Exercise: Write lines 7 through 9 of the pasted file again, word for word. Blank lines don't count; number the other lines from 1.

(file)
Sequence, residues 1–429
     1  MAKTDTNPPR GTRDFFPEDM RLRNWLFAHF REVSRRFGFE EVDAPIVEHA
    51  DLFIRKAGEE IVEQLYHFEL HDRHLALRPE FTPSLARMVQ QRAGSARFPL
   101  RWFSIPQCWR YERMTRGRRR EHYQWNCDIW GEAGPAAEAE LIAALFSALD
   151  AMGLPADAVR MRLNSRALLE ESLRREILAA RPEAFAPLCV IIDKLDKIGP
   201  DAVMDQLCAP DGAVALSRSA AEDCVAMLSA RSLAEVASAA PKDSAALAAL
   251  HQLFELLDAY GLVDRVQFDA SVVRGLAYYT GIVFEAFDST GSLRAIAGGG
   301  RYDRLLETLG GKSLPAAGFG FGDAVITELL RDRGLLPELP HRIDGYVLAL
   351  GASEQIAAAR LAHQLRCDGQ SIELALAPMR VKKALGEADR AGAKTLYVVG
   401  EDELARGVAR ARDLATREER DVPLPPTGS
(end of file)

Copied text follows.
   251  HQLFELLDAY GLVDRVQFDA SVVRGLAYYT GIVFEAFDST GSLRAIAGGG
   301  RYDRLLETLG GKSLPAAGFG FGDAVITELL RDRGLLPELP HRIDGYVLAL
   351  GASEQIAAAR LAHQLRCDGQ SIELALAPMR VKKALGEADR AGAKTLYVVG